“Any death is regrettable,” said Col. Elspeth Ritchie, the Army’s top psychiatrist, in an interview. “And certainly suicide — which is something I’ve been looking into very closely — is extremely tragic for all concerned and we always go back and say, ‘How could this have been prevented? What could we have done better?’” Ritchie reels off a laundry list of initiatives for improving Army mental healthcare, like the establishment of a 24-7 hotline for soldiers to help arrange counseling and a new policy, started in the spring of 2008, to ensure that seeking mental healthcare won’t mess up a soldier’s security clearance. The Army’s most recent study of mental health issues in Iraq and Afghanistan showed improvements on decreasing stigma. “The trend is the direction we’d like it to go in,” said Ritchie.

At least one of Alderman’s superiors apparently didn’t get the message. There is a saying that the most powerful man in the Army is a sergeant. That’s because when a low-ranking soldier needs just about anything, he has to go to his first sergeant. A former roommate of Alderman’s who fought beside him in Iraq took Alderman to his first sergeant to get him mental healthcare. “I escorted Ryan to the first sergeant’s office,” Alderman’s buddy told Salon. According to the friend, the first sergeant “blew [Alderman] off” and said, “Everybody sees what you saw” in Iraq. At one point, alleged the friend, another sergeant told Alderman, “I wish you would just go ahead and kill yourself. It would save us a lot of paperwork.”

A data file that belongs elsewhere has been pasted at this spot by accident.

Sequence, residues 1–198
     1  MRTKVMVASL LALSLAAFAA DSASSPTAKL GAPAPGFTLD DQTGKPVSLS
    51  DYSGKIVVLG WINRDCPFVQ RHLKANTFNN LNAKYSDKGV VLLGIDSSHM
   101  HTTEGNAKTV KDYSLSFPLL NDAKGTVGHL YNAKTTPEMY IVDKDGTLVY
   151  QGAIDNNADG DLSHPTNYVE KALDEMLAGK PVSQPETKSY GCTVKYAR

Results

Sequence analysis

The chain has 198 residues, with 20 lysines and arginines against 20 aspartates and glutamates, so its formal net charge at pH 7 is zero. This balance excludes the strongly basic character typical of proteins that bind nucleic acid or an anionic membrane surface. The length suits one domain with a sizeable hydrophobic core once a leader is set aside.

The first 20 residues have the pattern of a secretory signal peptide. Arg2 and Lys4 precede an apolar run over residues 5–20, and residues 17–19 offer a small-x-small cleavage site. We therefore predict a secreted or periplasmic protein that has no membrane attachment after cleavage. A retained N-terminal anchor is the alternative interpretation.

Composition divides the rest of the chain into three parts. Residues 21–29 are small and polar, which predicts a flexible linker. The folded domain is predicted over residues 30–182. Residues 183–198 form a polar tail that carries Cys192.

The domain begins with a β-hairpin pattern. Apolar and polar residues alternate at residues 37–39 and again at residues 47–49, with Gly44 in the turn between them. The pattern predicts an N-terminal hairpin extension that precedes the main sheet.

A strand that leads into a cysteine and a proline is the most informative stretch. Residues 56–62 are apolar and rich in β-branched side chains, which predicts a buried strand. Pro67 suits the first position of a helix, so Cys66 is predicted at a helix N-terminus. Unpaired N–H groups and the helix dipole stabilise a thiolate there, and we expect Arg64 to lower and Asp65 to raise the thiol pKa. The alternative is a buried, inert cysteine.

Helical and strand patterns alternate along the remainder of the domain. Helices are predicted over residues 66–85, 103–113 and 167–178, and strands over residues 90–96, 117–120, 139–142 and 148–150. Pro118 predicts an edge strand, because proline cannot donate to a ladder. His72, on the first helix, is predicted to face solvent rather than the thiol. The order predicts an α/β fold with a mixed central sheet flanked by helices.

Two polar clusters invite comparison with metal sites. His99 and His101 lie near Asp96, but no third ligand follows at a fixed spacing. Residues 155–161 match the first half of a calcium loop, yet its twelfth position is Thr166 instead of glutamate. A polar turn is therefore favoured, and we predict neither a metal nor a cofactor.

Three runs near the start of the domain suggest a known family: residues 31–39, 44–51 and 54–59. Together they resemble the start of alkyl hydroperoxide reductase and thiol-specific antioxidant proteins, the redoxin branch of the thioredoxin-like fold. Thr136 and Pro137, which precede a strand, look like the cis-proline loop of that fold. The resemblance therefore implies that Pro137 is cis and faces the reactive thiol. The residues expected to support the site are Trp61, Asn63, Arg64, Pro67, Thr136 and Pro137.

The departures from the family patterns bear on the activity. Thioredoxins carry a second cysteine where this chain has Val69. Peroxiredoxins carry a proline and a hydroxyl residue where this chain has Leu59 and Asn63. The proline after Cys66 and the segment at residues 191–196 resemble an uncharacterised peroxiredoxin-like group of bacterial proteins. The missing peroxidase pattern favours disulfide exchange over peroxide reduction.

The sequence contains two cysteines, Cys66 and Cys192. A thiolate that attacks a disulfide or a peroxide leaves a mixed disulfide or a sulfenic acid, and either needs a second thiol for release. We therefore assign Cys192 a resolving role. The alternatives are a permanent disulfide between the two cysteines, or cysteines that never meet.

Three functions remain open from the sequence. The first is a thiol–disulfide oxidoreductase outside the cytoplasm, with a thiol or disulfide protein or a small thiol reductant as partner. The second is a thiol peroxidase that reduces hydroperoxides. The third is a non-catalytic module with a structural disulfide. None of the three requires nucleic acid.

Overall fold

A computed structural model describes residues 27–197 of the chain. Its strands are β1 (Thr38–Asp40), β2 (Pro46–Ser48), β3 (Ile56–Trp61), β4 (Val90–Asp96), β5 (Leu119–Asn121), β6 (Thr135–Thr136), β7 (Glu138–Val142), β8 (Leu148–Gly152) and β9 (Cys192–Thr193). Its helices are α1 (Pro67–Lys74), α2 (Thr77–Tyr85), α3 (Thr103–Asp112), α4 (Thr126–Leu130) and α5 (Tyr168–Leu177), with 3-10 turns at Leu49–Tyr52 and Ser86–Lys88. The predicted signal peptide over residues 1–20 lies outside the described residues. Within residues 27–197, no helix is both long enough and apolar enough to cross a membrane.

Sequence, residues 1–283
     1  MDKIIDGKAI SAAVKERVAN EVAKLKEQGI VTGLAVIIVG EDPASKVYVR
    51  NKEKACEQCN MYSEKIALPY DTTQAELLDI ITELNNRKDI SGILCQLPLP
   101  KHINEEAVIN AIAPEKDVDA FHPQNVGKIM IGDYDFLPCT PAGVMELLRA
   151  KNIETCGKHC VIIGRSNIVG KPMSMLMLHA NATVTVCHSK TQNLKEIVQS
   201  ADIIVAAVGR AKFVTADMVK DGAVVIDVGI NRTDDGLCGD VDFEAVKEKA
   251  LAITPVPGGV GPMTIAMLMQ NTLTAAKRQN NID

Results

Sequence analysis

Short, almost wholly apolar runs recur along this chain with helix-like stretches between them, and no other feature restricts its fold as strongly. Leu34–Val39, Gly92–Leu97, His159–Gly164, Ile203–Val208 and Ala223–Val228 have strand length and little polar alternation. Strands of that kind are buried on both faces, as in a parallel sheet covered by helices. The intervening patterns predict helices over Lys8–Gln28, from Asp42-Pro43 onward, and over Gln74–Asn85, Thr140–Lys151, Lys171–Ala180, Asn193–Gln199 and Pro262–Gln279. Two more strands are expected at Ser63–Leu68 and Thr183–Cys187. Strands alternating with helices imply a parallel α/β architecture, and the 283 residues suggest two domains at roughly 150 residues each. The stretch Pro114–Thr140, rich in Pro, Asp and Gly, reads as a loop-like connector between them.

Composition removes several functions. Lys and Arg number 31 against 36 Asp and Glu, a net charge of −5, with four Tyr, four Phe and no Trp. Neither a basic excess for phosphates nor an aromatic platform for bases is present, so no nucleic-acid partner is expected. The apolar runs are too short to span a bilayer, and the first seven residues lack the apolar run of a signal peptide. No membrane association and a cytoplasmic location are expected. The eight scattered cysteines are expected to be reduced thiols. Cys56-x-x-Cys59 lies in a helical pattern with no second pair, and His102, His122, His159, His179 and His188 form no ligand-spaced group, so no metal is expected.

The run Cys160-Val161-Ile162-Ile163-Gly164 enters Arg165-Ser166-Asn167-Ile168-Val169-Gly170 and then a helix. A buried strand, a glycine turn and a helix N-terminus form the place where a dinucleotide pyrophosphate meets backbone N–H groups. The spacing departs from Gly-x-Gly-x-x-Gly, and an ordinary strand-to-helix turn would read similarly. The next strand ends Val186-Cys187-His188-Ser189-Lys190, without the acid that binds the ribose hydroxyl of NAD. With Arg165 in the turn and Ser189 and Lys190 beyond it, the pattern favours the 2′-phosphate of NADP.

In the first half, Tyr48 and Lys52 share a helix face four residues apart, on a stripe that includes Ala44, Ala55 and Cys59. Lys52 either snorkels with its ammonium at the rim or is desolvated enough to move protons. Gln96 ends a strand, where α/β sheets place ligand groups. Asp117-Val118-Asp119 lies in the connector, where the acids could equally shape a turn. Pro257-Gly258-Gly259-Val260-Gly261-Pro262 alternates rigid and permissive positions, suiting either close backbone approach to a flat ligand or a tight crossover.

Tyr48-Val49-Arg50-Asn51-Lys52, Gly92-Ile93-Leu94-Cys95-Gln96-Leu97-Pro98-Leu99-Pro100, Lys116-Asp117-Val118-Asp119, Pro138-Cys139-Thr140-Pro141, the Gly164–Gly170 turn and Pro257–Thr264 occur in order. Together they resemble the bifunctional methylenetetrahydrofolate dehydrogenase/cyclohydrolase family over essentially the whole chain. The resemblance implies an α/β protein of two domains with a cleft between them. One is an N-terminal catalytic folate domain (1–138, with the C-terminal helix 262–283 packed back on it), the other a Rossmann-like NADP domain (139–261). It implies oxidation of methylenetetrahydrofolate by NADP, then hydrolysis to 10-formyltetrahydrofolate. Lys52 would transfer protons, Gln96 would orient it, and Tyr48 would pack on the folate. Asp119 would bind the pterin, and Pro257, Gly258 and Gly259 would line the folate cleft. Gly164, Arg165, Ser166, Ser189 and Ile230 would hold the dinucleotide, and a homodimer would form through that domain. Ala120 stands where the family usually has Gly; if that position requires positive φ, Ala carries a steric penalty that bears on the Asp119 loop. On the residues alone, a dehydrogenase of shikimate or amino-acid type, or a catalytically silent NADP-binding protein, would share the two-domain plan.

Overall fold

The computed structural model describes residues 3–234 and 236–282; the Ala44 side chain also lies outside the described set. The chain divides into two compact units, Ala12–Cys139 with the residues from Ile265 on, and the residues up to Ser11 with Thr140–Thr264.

“The Army treated Ryan as if he was the problem,” said the friend, “not that he had a problem.”

Alderman’s medical records show that in June 2008 he had “homicidal ideation” toward his first sergeant. By August, he was “feeling suicidal.” Alderman was hospitalized in June, in August and then finally in October because of his symptoms. Records show doctors saw crosshatch lacerations on his arms. The cuts, Alderman would later reveal, were from self-mutilation.

The records show doctors, however, “ruled out” PTSD as the cause of Alderman’s problems, and did so without any recorded explanation. As in Adam Lieberman’s case, doctors determined that Alderman’s problems were his own, and were not related to his Army service. At various times, doctors instead blamed anxiety disorder, bipolar disorder, personality disorder, alcohol abuse, depression “NOS” (not otherwise specified) and anxiety “NOS” — anything but the war.